Lori Droste won Berkeley City Council’s District 8 seat, retaining the position she has held since 2014.
Droste led the polls into the early morning hours Wednesday as votes were counted, and secured 56.05 percent of the vote as of press time about 2 a.m., with all precincts reporting.
Droste, who has lived in District 8 for more than 20 years, narrowly beat George Beier in 2014 to replace former councilmember Gordon Wozniak. During her time on City Council, she has authored legislation to regulate short-term rentals, such as Airbnb, and to streamline the creation of affordable housing.
“(I’m) dedicated to public service and giving back to my community,” Droste previously told The Daily Californian. “As a parent, it’s more important than ever to make sure I’m giving back to my community and making sure Berkeley is a great place for future generations.”
She has also worked with California State Sen. Nancy Skinner and Berkeley Mayor Jesse Arreguín to ensure Berkeley residents have access to health care after Sutter Health’s announcement that it will relocate Alta Bates Summit Medical Center to Oakland.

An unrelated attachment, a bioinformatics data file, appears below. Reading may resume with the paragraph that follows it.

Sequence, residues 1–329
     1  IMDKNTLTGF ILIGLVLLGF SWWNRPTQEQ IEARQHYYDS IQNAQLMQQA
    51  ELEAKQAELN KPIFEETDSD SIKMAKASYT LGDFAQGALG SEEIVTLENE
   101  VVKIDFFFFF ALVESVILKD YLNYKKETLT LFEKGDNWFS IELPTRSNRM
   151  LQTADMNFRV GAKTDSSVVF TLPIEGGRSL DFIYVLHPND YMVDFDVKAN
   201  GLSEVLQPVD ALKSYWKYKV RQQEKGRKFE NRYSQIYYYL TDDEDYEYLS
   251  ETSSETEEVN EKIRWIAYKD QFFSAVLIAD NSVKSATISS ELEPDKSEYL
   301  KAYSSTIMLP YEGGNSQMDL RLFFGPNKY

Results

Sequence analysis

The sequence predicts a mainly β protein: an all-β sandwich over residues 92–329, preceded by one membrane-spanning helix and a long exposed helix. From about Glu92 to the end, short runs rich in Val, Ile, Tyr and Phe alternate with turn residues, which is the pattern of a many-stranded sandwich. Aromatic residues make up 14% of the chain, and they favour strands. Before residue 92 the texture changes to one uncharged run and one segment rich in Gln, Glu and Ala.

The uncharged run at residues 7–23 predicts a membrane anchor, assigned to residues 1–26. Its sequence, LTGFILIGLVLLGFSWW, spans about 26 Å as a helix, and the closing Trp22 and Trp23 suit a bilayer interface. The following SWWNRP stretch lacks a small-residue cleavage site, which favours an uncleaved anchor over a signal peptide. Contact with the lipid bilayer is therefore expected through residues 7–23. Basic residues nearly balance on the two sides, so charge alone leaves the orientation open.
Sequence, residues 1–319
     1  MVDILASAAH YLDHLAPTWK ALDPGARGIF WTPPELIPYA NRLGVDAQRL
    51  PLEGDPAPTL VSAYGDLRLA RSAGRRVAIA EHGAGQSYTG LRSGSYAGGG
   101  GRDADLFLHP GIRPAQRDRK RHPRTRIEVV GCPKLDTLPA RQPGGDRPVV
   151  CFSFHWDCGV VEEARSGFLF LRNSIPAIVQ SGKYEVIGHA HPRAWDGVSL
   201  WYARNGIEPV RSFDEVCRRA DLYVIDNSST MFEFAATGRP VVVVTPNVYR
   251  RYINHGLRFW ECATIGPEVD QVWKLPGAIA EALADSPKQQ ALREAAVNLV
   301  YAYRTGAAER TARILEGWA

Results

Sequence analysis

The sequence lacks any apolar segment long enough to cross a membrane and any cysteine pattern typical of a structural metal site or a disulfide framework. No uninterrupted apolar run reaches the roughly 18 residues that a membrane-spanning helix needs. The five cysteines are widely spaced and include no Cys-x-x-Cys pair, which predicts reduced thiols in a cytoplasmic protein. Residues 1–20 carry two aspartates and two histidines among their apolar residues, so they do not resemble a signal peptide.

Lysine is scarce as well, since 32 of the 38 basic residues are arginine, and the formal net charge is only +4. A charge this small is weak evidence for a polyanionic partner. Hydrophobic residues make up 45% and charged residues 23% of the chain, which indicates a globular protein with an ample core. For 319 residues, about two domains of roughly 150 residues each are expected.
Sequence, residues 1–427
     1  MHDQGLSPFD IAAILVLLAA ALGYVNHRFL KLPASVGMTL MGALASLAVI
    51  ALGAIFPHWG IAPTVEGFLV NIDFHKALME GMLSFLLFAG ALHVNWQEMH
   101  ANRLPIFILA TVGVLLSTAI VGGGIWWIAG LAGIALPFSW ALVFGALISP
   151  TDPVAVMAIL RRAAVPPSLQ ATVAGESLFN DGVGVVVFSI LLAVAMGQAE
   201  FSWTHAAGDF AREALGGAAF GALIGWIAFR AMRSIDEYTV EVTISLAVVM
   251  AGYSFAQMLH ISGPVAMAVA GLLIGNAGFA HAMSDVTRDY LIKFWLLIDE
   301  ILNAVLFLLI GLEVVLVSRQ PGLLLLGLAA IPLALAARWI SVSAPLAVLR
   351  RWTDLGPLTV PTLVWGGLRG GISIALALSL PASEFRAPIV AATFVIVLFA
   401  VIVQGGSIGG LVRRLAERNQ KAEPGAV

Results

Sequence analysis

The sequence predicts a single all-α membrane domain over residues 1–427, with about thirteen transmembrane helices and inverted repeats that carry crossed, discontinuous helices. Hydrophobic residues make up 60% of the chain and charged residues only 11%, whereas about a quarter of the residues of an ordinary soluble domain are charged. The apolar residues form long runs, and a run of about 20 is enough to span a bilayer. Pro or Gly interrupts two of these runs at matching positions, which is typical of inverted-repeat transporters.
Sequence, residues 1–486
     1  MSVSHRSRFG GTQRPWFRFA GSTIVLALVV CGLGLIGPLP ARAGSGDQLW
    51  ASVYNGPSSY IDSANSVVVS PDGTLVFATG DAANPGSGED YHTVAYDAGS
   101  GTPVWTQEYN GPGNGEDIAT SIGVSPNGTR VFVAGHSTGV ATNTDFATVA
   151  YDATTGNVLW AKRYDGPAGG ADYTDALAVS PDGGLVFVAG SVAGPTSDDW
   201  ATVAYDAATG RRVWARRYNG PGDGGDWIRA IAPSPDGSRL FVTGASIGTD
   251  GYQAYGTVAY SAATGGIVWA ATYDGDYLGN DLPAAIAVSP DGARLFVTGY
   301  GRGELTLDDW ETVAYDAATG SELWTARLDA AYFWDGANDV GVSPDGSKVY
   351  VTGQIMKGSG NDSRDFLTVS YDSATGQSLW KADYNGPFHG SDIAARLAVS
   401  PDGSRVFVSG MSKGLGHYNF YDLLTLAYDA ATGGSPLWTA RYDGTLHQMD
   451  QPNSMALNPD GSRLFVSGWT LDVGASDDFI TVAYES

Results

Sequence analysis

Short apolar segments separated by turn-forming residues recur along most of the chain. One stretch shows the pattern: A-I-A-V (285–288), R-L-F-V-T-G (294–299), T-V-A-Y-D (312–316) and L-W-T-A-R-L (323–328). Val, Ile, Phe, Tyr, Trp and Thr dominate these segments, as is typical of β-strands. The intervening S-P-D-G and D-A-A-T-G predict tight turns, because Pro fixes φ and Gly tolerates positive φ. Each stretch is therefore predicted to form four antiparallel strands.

Opponents Mary Kay Lacey, Alfred Twu and Russ Tilleman earned 31.30, 9.25 and 3.32 percent of the vote respectively, as of press time. Lacey — who was endorsed by the California Nurses Association, the Berkeley Progressive Alliance and City Councilmembers Sophie Hahn and Kate Harrison — also opposed the closing of the Alta Bates Summit Medical Center and supported more affordable housing that does not disrupt local communities.
Tilleman said he believes Droste does not represent everybody in the district. Although he was not elected, Tilleman said he plans on implementing parts of his platform by working with other council members. Specifically, Tilleman plans to keep working toward making transit cars, which are small electric vehicles, available to rent in BART station parking lots as an alternative to buses.
Twu, who uses they/them pronouns, planned to implement tenant protections, guarantee lawyers for people in disputes with their landlords and legalize people living in cars if elected.
Throughout her campaign, Droste earned the endorsements of Skinner, California State Controller Betty Yee and fellow Councilmembers Susan Wengraf and Linda Maio, among others. Her platform includes advocating for housing affordability, ensuring access to emergency care and helping growth in the commercial district in Elmwood, located in District 8.
Droste was one of two incumbents up for re-election, the other being Harrison. Harrison is also expected to retain her seat, as of press time.
“Life goes on,” Tilleman said. “I’m hoping that the best parts of everyone’s policies and platforms can somehow be brought together so the community can get what was presented to them.”